Many things in the real world could be different from the way they are. Anytime we are imagining a world where something is different than it actually is, we are no longer talking about the real world but are thinking about a conceptual world. Philosophers often refer to these conceptual worlds as “possible worlds”. There are an almost infinite number of possible worlds but only one, the real world, is actual. When we ask if something is “possible” we must distinguish between it being merely possible if the world were different, or possible in the actual world, given the way things are. The reason is that for something to be actually possible it must be conceptually possible but certain things that are conceptually possible are not actually possible.

There are certain things that are not possible in any world because they involve logical contradictions. For example, all triangles must have three sides. Triangles must have three sides in every possible world. Since a four-sided triangle is conceptually impossible, it is also actually impossible. Just because something is conceptually possible, however, does not mean that it actually exists. For example, it is conceptually possible that Bigfoot exists but as far as we know, he does not actually exist.

Of course, it is possible that Bigfoot could actually exist. He is both conceptually and actually possible. There are certain limitations within the actual world, however, that make it impossible for some things that are conceptually possible to be actually possible. For example, it is conceptually possible that someday a person could be born who had the ability of unaided flight. Human physiology, along with physical laws in operation in the real world, however, makes this an actual impossibility. Unaided human flight is therefore conceptually possible but actually impossible (we might say reality has an opportunity cost).

This brings us back to the statement of Jesus about calling the angels. If we look carefully, Jesus makes it clear that He is distinguishing between the actual world and a conceptual world. Jesus said:

“Do you think that I cannot appeal to my Father, and he will at once send me more than twelve legions of angels? But how then should the Scriptures be fulfilled, that it must be so?”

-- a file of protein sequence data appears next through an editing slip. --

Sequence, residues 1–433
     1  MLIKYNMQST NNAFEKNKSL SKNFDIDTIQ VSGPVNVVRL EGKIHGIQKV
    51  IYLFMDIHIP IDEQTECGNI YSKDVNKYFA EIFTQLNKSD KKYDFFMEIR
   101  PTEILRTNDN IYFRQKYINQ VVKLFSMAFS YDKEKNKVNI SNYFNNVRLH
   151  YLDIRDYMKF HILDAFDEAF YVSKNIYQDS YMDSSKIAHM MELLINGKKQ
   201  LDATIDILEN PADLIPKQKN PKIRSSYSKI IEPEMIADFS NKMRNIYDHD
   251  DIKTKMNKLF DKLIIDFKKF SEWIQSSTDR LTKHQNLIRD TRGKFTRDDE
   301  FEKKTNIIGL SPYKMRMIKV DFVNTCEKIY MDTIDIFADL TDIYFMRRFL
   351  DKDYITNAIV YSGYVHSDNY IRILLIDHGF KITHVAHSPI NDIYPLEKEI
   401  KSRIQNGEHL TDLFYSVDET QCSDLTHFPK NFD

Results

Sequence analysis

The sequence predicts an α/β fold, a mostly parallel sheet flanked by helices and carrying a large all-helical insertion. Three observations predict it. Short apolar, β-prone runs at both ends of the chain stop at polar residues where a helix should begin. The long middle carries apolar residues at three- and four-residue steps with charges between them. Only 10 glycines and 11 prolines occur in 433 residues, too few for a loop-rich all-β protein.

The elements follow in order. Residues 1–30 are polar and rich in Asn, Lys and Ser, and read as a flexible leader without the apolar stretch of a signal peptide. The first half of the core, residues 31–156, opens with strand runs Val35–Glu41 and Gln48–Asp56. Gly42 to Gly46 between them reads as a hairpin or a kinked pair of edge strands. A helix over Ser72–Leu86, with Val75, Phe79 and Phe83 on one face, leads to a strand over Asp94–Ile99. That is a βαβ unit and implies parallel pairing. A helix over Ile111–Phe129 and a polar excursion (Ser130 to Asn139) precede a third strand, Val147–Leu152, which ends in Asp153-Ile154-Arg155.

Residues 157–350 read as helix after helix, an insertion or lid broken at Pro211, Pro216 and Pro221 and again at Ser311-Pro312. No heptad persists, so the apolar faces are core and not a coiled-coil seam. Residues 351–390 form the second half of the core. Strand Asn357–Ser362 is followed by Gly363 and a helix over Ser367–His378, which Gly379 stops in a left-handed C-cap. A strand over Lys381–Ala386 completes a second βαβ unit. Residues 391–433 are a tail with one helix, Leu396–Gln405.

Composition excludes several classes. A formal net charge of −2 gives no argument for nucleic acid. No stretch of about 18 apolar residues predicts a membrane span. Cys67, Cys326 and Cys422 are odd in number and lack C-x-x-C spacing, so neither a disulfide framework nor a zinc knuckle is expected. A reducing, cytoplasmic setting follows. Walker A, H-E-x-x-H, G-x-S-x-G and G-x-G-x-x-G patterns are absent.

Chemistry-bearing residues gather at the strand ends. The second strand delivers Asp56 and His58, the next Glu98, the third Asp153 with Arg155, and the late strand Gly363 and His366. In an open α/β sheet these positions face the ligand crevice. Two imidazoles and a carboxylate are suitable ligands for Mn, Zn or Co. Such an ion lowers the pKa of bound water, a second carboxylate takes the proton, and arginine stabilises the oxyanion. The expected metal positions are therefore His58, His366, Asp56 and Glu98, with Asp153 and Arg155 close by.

In the first part of the statement, He is telling Peter that if He wanted to He could ask the Father who would send the angels. It is His choice to make. It is therefore conceptually possible for Jesus to have called upon the Father to send angels. The second part of the statement, however, begins with the word “but” and imposes certain limitations associated with the actual world. His mission was the redemption of humankind at the cross. His greatest desire was to fulfill the scriptures and submit to the will of the Father. Jesus and His sinless nature are a part of the real world. This creates certain limitations on which conceptual world He can possibly actualize.

Jesus is therefore telling the truth that it was possible for Him to call upon the Father but to actualize that choice is impossible, not because of any limitation placed upon Him from outside but because of His own identity and nature. God cannot lie and His word stands forever (Num. 23:19, Heb. 6:18) therefore there was no possibility that Jesus would actually call for those angels even though He had the power to do so.

The short answer then is that yes, it was possible for Jesus to do what He claimed but it was not possible for Him to do so and also accomplish His purposes. His faithfulness to the Father is why He overcomes at Gethsemane and why the Bible calls Him the lamb slain before the foundation of the world. It is the same reason that we can have complete confidence in our Savior to keep God’s promises to us.